Honesty and integrity in the performance of all academic assignments are expected of all students at Simon’s Rock. Plagiarism; giving or receiving unauthorized assistance on any examination, quiz, lab or homework assignment, and falsifying data all are serious forms of academic dishonesty and will not be tolerated.
A student who submits, without acknowledgment, work that is not his or her own has committed plagiarism. An example of plagiarism is the submission of a paper with content that is wholly or partially taken from another’s work, including that found on the Internet. Plagiarism occurs when even a single sentence, phrase or wording is copied without attribution. Special care should be taken when engaging in research on the Internet, as there are a vast number of sources that are designed to aid students in committing academic dishonesty, or that are otherwise unsuitable for academic pursuits.
Information about the proper use and acknowledgment of source material is available in the College library and from the faculty. The library has resources available to aid students in finding appropriate materials through Internet research. It is the student’s responsibility to consult with the faculty member involved whenever there is a question about the appropriate way to handle the use of source material. An approved style manual also should be consulted to avoid unintentional plagiarism.
A first offense will result in at least a grade of F on the assignment or exam in question and may result in a semester grade of F for the course. The student will receive a written warning (although nothing will go on the student’s academic record) and parents or guardians will be notified. Any subsequent offense will become part of the student’s record and will result in further consequences, which may include academic probation, revocation of scholarship, and suspension from the College. Appeals of the consequences or a judgment of academic dishonesty (beyond a warning) may be made in writing to the Standards and Procedures Committee within 48 hours of the decision.
Further questions about the College’s policy on academic dishonesty should be directed to the Office of Academic Affairs.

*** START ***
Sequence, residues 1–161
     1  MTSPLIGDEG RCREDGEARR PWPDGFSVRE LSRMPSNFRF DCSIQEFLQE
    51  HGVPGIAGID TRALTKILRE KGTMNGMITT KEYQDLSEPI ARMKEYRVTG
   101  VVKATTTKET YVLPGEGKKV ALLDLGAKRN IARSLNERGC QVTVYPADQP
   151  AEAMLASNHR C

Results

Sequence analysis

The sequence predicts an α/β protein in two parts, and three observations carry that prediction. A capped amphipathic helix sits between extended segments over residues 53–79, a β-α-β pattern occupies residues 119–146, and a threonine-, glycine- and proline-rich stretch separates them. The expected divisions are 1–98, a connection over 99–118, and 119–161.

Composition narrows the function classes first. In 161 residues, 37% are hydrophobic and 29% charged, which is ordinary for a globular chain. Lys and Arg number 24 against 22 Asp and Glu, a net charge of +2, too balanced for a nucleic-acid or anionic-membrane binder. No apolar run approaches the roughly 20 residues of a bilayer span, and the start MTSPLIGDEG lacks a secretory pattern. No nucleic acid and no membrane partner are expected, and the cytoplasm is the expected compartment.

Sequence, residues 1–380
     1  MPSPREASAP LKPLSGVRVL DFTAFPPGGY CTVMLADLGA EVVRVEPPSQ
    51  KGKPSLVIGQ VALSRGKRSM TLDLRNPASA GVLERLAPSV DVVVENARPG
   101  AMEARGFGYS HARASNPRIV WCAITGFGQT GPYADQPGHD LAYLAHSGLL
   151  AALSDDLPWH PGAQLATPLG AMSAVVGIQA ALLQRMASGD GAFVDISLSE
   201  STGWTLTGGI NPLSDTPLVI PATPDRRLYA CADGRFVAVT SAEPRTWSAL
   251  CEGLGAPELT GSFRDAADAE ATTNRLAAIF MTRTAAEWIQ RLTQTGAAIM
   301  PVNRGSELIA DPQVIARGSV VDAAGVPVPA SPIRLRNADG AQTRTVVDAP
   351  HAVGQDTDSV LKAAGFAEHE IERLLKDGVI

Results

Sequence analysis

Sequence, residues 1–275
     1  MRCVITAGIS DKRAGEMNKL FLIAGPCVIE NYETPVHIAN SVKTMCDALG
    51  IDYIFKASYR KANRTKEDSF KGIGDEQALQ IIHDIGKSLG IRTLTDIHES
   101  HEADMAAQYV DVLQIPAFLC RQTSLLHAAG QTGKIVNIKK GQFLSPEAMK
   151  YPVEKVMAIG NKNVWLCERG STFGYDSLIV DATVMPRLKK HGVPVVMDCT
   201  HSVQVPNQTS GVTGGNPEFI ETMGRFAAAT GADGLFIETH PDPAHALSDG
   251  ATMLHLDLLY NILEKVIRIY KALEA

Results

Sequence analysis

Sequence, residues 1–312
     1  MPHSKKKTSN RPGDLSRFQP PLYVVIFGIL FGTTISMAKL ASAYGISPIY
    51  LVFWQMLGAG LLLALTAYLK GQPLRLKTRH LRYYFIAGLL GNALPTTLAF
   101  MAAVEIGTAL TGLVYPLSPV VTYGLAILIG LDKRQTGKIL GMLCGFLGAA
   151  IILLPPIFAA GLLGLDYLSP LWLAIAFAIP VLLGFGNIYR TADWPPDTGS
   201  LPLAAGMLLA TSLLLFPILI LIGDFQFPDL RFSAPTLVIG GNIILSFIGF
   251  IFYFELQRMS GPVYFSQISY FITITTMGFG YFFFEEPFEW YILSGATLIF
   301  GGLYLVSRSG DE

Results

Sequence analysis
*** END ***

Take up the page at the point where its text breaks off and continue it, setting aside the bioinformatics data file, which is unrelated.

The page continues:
The Standards and Procedures Committee, chaired by the Dean of Students and staffed by members of the faculty, staff, students, and administration, reviews petitions for exceptions to the academic policies of Simon’s Rock based on unusual circumstances. Petitions should be submitted to the Office of Academic Affairs.
Students, faculty, and staff should all be addressed by their preferred name and pronoun, regardless of the sex assigned at birth, anatomy, gender, medical history, appearance, or the sex indicated on identification documents or past academic record. It may be necessary for an individual to express this preference when interacting with people who may not have been informed of it, based on the student’s Self-Identified Preferred First Name/Self-Identified Gender or Gender-Neutral Pronoun form. There are certain instances where the College must use a legal name and gender pronoun, and this is detailed on the above-mentioned form. The form is available on the Simon's Rock portal under Academics/Forms & Manuals or from the Registrar’s Office.
Bard College at Simon’s Rock complies with the provisions of the Family Educational Rights and Privacy Act of 1974 (FERPA). This act assures students attending postsecondary educational institutions that they have the right to inspect and review certain of their educational records, and, by following the guidelines provided by the College, to correct inaccurate or misleading data through informal or formal hearings. The act protects students’ rights to privacy by limiting transfer of these records without their consent, except in specific circumstances. Students also have the right to file complaints with the Family Educational Rights and Privacy Office, Department of Health and Human Services, 330 Independence Avenue SW, Washington, D.C. 20201.
College policy on the maintenance of student records is available on request from the Registrar.